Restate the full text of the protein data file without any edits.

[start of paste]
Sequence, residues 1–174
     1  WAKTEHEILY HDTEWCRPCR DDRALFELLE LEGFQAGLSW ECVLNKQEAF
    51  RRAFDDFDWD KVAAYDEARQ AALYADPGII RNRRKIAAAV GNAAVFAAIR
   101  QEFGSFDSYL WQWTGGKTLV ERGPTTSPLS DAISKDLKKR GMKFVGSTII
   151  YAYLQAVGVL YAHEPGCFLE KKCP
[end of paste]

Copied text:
Sequence, residues 1–174
     1  WAKTEHEILY HDTEWCRPCR DDRALFELLE LEGFQAGLSW ECVLNKQEAF
    51  RRAFDDFDWD KVAAYDEARQ AALYADPGII RNRRKIAAAV GNAAVFAAIR
   101  QEFGSFDSYL WQWTGGKTLV ERGPTTSPLS DAISKDLKKR GMKFVGSTII
   151  YAYLQAVGVL YAHEPGCFLE KKCP